From Chapter One – Rumbles In Harlem

It was a little past nine on a hot summer night in July. Word came to us that the Imperial Gang from the Washington Heights District of Manhattan were planning an invasion of our neighborhood – the turf that belonged to the Harlem Lords.

Harlem is overlooked by a hill known as Washington Heights. If you stand on Edgecomb Avenue, you look down some 150 feet into what is called “The Valley.” The Imperial Gang operated in the Wash­ington Heights District, between 145th and 155th Streets. The Harlem Lords controlled the neighboring turf between 145th and 155th Streets in “The Valley” between Bradhurst Avenue and the Harlem River. There’s a certain kind of feeling that comes over you just before a rumble. It has the anticipation of an exciting football or basketball game, but with the nagging fear that a soldier experiences on his way to the front lines. Everyone was afraid – deep inside – but even more frightened to show it.

The Imperial Gang is a large one. It had gained quite a reputation for being able to take on other gangs and defeat them.

This wasn’t my first gang rumble, but it was the first time I had led the Harlem Lords. I had strategically taken the fellows –a little over 115 of them– into 150th Street, between Bradhurst Avenue and Eighth Avenue. At Bradhurst Avenue and 150th Street there was a park. About thirty or forty yards into that park began some steps that led all the way up the hill to Edgecomb Avenue into what was known, as the Hill District of Washington Heights.

I sent a number of the fellows from our gang up 145th Street, one approach to the hill. I sent another group of fellows up 155th Street (known as the viaduct), just opposite the Polo Grounds where the New York Giants used to play baseball. That was the other exit leading into the Hill District. And then I planted a group of fellows in the basements along 150th Street between Bradhurst and Eighth Avenues. Several fellows were located on top of the roofs six stories up with pellet guns. Finally, a group of the fellows stood in the open in the street while I hid in one of the cars, directing the fellows from there.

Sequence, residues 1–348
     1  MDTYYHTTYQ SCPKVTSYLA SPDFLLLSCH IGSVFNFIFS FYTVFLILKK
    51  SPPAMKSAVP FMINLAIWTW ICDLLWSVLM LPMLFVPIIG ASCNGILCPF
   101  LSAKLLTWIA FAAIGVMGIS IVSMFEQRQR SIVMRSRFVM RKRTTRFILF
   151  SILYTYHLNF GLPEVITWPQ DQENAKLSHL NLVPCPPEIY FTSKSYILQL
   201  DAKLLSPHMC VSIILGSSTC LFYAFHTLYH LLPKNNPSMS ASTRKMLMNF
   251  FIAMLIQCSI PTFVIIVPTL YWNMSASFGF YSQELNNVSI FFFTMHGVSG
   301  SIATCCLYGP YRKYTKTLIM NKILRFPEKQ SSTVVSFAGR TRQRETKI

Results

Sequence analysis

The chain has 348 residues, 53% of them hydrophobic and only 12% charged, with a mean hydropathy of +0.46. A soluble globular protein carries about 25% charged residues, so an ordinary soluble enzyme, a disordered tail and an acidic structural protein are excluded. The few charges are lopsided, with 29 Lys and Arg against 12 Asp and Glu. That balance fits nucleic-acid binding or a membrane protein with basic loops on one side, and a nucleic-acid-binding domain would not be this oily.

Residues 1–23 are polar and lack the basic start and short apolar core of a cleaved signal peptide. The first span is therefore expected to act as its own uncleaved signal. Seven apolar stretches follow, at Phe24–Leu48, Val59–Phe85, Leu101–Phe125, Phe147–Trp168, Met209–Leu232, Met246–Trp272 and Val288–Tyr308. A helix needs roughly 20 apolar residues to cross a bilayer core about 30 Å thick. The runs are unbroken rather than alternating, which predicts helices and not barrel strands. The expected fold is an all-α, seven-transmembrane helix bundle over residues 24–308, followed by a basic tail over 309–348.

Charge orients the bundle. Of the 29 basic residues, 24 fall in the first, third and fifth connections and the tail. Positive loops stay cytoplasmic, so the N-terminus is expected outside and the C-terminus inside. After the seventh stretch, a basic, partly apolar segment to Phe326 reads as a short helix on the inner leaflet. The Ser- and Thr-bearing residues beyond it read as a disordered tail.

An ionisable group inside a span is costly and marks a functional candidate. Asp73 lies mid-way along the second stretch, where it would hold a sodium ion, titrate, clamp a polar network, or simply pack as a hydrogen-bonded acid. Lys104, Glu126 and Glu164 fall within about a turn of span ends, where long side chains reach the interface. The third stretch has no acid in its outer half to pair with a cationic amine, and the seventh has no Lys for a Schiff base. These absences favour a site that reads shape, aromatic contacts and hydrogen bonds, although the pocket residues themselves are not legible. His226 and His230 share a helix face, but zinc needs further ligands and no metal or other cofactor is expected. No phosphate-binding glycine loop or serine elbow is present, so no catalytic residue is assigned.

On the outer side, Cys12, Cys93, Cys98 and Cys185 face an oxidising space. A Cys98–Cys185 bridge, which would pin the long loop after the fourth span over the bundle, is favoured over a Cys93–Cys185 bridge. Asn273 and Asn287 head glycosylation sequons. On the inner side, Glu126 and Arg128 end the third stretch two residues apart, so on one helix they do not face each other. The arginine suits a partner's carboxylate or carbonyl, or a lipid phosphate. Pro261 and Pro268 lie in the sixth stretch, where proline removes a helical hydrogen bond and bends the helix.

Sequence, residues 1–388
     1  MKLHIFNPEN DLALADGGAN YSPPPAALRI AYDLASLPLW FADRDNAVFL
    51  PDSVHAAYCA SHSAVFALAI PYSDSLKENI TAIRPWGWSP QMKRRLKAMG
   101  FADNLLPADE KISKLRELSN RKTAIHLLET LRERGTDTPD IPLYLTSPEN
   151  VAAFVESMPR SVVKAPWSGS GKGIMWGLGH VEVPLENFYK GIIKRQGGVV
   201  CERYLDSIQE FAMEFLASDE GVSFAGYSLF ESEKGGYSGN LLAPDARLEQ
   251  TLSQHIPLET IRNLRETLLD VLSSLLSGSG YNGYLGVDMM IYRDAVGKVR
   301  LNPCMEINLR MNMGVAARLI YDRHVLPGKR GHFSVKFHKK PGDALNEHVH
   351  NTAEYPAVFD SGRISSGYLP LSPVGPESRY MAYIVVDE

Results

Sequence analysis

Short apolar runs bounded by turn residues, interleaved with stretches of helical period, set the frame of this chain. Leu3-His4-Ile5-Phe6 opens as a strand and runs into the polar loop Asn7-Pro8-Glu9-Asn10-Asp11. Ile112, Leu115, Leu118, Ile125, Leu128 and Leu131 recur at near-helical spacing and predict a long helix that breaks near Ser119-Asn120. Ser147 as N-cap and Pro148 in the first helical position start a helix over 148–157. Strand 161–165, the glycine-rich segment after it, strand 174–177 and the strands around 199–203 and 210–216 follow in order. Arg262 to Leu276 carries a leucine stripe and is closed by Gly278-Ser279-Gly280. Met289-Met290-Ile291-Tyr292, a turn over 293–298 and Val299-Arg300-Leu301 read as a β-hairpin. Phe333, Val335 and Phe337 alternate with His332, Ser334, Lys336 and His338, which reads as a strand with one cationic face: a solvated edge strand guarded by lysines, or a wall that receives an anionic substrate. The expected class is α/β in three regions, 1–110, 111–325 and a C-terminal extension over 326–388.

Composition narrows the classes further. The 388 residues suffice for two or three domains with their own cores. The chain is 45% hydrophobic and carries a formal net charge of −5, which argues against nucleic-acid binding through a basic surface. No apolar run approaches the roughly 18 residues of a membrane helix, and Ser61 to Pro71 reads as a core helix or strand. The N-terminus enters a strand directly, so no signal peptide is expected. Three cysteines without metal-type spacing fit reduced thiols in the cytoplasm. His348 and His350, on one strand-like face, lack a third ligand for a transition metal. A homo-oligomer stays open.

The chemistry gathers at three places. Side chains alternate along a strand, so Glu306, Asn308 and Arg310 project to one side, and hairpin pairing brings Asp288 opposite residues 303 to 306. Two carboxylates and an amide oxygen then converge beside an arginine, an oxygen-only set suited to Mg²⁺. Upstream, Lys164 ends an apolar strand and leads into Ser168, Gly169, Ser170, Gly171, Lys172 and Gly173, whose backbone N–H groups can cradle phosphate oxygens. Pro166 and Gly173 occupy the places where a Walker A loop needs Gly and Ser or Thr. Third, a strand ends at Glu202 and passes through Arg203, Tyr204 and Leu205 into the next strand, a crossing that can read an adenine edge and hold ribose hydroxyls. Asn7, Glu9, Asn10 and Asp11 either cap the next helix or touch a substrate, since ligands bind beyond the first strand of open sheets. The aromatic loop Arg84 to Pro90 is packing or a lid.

I had gained the reputation for being quite a gang strategist because I was in a special advanced class that met after school where we studied ancient and modern military tactics. I took the various strategies the field generals used in open field battles from primitive Greece to modern times. I’d modify them; make them applicable to street fights so we wouldn’t lose. If I succeeded in leading the fellows to victory in this particular fight, I’d emerge as the leader of the most powerful teenage gang in the city.

Suddenly the word came from one of the fellows on top of the roof that the Imperial Gang had been spotted at the top of Edgecomb Avenue and they were beginning to come down the steps.

They saw ten or twenty of our fellows in the open, thinking that was all there was to the gang. This rumble would be a fast and easy one, they must have reasoned. As soon as they got down into the streets, the twenty fellows on the street began to back up, luring them even farther into the main street. Then our guys ran and the fellows we had planted on the rooftops began to fire pellet guns down into the streets.

The Imperial Gang sought cover in the basements where we had fellows planted. Our guys crashed bottles across their heads as they came through the doorways, opening gaping wounds and knocking some unconscious.

The surprised Imperials found swinging, angry members of the Harlem Lords surrounding them. The sultry summer rang with shouts and screams of pain. Here and there you could see black faces livid with bright red blood where a bottle or bicycle chain had done its nasty work. Now it was time for the kill.

The Imperials had been chased into our area and we were going to mop them up. I got out of the car and surged after the nearest Imperial. In one hand I had a homemade blackjack, a lead ball in an old sock. I swung it and heard a sickening crunch as it smashed down on the head of the unsuspecting Imperial. In my other hand was a set of brass knuckles, carefully fitted to my fist. They flashed out in the dark night. I felt the wetness of blood and sweat as my fist connected with the face of another Imperial.

Someone yelled, “Tom! Look out!” …….

Copyright © 2005 Tom Skinner c/o Skinner Leadership Institute. All rights reserved.